CHANEL model A 71014 S0133 fw13

CHANEL mod 71014 02128 S0133 fw13 © sunglassespreservation

CHANEL mod 71014 02128 S0133 fw13 © sunglassespreservation

CHANEL model A 71014 is featured as third and last part of sunglassespreservation’s mini-series, dedicated to the evolution of CHANEL quilted leather in combination with acetate, metal, glass and nylon sunglasses.

As you can immediately see from the first picture above, what we have here is a very special and complex pair of CHANEL shades. They are incredibly detailed, on highest levels of modern day eyewear technology and standards. This model is a hybrid between a mask and sunglasses. In fact, they look like the designers merged two models into one. The back frame, made in nylon and covered with matelasse lambskin leather, functions as the mask, surrounding the actual silver metal titanium frame, protruding out of it, creating an exceptional three dimensional visual effect.

Model A 71014 looks like it came straight from a movie based in a futuristic re-enactment of the twenties. It could also be defined as a hyper luxurious steampunk design or a prototype for a futuristic pilot.

One mustn’t forget that these shades come from CHANEL’s fall-winter 2013 pret-a-porter collection, which was inspired by “world-travelling”, flying and a twist on CHANEL’s “conquering” the world by showcasing an enormous giant earth globe in the middle of the fashion show’s venue, with hundreds of tiny lights and flags pinned onto the cities and countries all over the world, where CHANEL has already opened a boutique. In a way, these sunglasses represent the CHANEL explorer, ready to travel all over the world, to find a new place to build a new boutique. One may take this as one will… it could be seen as a negative in this day and age, but all things considered, CHANEL does still make a big effort to produce their goods in Europe, providing fair labor and keeping some of handcraft’s tradition alive by subsidising small companies specialized in different style, design and meterial techniques.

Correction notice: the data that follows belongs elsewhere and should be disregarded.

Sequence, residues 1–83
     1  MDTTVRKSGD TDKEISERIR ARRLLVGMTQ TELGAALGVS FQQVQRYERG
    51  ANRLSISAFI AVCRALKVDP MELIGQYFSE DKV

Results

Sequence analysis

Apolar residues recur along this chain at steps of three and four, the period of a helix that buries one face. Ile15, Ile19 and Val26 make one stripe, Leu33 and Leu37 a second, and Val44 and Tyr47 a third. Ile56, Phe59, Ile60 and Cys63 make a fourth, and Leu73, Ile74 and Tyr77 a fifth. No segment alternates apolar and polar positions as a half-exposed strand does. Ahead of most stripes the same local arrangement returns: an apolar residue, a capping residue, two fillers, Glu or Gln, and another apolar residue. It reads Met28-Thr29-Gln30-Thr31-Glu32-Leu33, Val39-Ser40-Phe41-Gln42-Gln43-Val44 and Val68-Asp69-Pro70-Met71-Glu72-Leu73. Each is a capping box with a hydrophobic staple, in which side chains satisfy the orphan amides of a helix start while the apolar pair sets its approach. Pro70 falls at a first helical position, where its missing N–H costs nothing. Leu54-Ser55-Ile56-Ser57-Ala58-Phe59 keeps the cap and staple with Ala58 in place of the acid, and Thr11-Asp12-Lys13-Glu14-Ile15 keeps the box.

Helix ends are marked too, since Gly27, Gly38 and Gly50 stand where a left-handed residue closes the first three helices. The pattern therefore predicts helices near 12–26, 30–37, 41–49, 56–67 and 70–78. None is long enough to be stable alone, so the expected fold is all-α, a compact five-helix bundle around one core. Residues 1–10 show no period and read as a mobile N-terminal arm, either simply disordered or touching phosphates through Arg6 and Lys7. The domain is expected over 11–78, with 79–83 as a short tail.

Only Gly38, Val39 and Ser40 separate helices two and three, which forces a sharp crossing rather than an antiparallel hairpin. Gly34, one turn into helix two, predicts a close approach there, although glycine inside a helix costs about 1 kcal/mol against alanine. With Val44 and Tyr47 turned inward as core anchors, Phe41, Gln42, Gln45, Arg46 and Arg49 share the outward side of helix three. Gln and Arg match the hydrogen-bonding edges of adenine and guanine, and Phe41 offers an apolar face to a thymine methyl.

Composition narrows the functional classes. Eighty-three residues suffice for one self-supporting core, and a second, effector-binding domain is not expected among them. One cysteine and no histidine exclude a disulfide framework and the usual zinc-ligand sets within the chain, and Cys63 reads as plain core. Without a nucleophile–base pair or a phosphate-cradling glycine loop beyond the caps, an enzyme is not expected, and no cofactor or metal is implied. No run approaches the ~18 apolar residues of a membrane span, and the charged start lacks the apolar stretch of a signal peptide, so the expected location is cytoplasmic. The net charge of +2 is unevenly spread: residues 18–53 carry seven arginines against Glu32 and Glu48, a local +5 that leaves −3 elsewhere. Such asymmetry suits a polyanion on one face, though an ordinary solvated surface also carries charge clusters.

The sunglasses you see here are CHANEL’s most complex and detailed model ever made. Where to begin with? The temples, for example, are the first temples that, when folded together, have a built in block in the hinges to prevent them from rubbing against each other, keeping the delicate leather on top of the temples unharmed. The nylon frame and temples have elevated edges to allow the leather to snuggly fit within its borders, preventing it to protrude, hence avoiding damage to the material.

The second, titanium frame, is brushed and protected by a light glossy coat of another material to prevent it from being scratched easily. The metal double “C” logos on both temples are perfectly placed above the quilted leather base, without any show of stress in the leather underneath.

The faded lenses fit perfectly into the metal titanium frames, without any screws or additional fixtures needed. The metal frames fit perfectly into the nylon frames without any visible sign of how the designers solved the issue of combining two materials together. The way the two frames are kept together is partially a secret. What we see is just one black screw, on the back of the nylon bridge. This screw keeps the front metal bridge together with the back nylon frame. As for how the frames are kept together around the lens area is still a mistery.

The interesting choice of using matelasse leather without it being stitched is probably due to two factors: first, on such a small size of leather used, the stitching would have been unpractical and second, eventual stitching would have compromised the overal elegance of the shades as it would have plumped the sunglasses quite a bit, making them lose their overall futuristic appeal.